Automatic problem detection and solution delivery are fundamental services that are offered through these embodiments of the invention. From the customer's perspective, problems are automatically detected for supported devices, and the support center is notified so that the appropriate action may be taken, all without any action being required on the part of the customer. The customer is also given a view of the problem notification, and also has the ability to track the status of the problem. For example, the customer is permitted to view open incidents, closed incidents, to reconfigure various options, and to view detailed system information. Online help is available, and in appropriate cases a customer may be placed in contact with various online aids that can install drivers, reconfigure printers, perform tests, and in other ways aid the customer in performing diagnosis, as well as permitting support center assistance.
 Regardless of the type of device, the type of PC or server, or the source of an error, the same general series of steps is carried out to accomplish problem detection and the delivery of a solution. With reference to FIG. 5, the event creator 502, which might be a hard disk drive, a program, a computer's temperature monitoring device, passes information to an event collector 504, which could be the event annunciator 112 described above, the storage handler 408, or one of the annunciators 308, 310, or 312. The incident is reported to an event handler 506, which might be the invent handler 114 or one of the event handlers 309, 312, 313, or 150. The event handler 506 differs from the event collector 504 in that it is normally able to gather additional data from the event creator 502. The event handler 506 may contain some intelligence and may be able to analyze the incident and other data and decide whether the event is in fact a critical one that needs to be escalated to the status of an incident.
 If so, then the information is passed on to a submit incident interface 506 which is presented, for example, by the incident generator 116 or one of the generators 116, 304, or 306 which feeds information into the incident escalator 118. The information then reaches the incident client 510, which is one of the incident escalators 118 or 152. The user may also use the interface 120 to manually create an incident for the escalator 118, or a periodically run configuration gathering script may signal an incident to the escalator 118 or receiver 130.
 The incident information then passes through the customer fire wall 202 and reaches the support response center 204 where it is processed as explained above.
 Note that the first three steps 502, 504, and 506 are device specific, in that they need to be customized to the particularities of the event creator 502. The submit incident interface 508 needs only to be customized to the needs of the particular computer or operating system, and it may be remotely located, for example, on the SPOP node 108 (within the central event handler 150, for example). And, of course, incident information may also come directly from users of personal computers and from periodic configuration data go the ring. Accordingly, the processing of all incident information, whether manually or automatically generated, and whether resulting from proactive periodic configuration gathering or from reactive response to events occurring in the monitored hardware or software, is done in a uniform manner, with a well-defined incident interface, and with the service engineer being presented a uniform, well-organized set of tools for viewing and for taking actions.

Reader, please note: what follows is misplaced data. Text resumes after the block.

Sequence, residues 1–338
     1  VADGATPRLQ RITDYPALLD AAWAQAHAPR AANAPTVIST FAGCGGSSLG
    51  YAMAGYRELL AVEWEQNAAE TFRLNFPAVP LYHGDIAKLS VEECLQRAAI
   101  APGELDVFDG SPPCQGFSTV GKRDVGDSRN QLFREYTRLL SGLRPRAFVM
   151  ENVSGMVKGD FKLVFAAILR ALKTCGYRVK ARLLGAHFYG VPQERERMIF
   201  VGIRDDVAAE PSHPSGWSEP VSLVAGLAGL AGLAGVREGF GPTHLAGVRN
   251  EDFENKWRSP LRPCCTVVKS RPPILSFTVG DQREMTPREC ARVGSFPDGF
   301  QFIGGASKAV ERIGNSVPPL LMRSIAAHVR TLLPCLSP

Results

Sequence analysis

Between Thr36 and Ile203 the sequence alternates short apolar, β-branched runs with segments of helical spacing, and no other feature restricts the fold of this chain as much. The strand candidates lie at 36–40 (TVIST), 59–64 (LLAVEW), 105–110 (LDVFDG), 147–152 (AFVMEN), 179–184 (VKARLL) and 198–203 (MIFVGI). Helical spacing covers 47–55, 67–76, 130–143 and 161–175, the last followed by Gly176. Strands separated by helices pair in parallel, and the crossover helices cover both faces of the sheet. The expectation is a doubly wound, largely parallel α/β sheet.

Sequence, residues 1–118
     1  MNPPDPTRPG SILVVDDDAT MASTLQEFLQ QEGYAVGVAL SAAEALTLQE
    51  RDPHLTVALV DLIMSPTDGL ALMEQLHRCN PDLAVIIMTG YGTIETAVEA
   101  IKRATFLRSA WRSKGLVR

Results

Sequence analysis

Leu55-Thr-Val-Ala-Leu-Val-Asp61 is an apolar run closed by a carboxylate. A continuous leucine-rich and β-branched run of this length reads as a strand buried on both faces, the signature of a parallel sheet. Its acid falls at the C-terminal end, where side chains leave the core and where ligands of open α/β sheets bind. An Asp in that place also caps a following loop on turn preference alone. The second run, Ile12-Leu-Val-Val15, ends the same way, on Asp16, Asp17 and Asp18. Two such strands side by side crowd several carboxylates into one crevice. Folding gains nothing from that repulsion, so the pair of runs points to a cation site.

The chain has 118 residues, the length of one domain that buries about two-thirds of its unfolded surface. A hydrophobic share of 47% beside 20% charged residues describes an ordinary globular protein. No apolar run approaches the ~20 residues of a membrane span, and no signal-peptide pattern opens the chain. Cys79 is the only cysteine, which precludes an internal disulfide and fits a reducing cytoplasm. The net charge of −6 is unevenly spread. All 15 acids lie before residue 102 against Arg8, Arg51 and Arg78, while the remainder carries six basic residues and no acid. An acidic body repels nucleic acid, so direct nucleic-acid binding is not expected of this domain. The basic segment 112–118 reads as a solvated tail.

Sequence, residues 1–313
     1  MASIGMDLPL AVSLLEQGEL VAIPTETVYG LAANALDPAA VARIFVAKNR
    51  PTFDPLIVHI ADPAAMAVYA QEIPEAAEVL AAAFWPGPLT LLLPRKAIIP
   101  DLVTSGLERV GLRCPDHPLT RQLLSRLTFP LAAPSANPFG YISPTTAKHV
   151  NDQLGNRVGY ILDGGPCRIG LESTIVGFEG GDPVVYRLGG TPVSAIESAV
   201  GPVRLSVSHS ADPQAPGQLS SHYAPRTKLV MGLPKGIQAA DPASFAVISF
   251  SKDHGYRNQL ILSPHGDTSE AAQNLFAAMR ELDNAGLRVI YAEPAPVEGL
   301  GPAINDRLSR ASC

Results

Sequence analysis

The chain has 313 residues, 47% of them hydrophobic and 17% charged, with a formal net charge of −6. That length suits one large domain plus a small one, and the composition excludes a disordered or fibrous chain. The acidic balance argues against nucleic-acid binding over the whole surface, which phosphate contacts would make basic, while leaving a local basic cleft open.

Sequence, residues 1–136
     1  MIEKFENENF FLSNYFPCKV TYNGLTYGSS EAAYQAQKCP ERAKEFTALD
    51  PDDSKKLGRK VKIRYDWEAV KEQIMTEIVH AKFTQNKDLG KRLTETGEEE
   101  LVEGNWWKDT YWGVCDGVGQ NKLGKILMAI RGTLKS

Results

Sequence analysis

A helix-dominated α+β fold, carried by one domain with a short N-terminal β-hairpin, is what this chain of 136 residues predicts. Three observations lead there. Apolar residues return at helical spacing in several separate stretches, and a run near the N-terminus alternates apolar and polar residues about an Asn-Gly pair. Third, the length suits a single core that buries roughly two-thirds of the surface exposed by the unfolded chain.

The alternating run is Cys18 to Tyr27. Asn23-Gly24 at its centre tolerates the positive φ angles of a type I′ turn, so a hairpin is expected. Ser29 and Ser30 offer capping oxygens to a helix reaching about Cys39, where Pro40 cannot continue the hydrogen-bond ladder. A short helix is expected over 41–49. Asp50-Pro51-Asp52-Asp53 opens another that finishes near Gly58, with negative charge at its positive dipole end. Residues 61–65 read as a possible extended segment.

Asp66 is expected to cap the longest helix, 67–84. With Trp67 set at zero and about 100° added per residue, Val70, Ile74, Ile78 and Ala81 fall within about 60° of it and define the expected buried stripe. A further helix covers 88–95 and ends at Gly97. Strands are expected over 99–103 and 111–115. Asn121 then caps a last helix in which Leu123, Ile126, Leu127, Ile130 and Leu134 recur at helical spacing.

After an incoming incident has been captured, it may be tied in with an enterprise entitlement system, in this case a system named EDIMGR, as well as with an enterprise workflow tool, WFM, both of which are products of Hewlett Packard in this embodiment. Service engineers 230 thus can follow the general flow of steps detailed in FIG. 6, which presents the entitlement and workflow general algorithm. Once a trouble ticket has been created within the workflow system, the workflow identifier and current status is propagated right back to the customer environment so that the customer may track the status of their problem as it is processed.
 Referring now to FIG. 6, a service engineer initially selects an event from the interface and then submits a workflow case (step 602). Next, at step 604, entitlement information is gathered. This is done by passing the country code, serial number, and product I.D. (step 604) to a call management server 614 which returns a system handle and a call-type identifier that indicates the entitlement.
 Also at step 606, information is gathered on the call type, and the information queue is established. The country code and the call type are passed, at step 618, into an access queue configuration file 620, and the queue name is then returned at step 622.
 Next, at step 608, the necessary user information is established to enable the submission of a workflow case. The mapping of the customer's country code and call type to a workflow management queue is accomplished at step 624.
 Finally, at step 610, the workflow case is generated, in this case using the Hewlett Packard program EDIMGR. The system handle may then be used to access the workflow manager at step 626. The motive incident is then closed at step 628. In this manner, the incident becomes a workflow managed project for service personnel.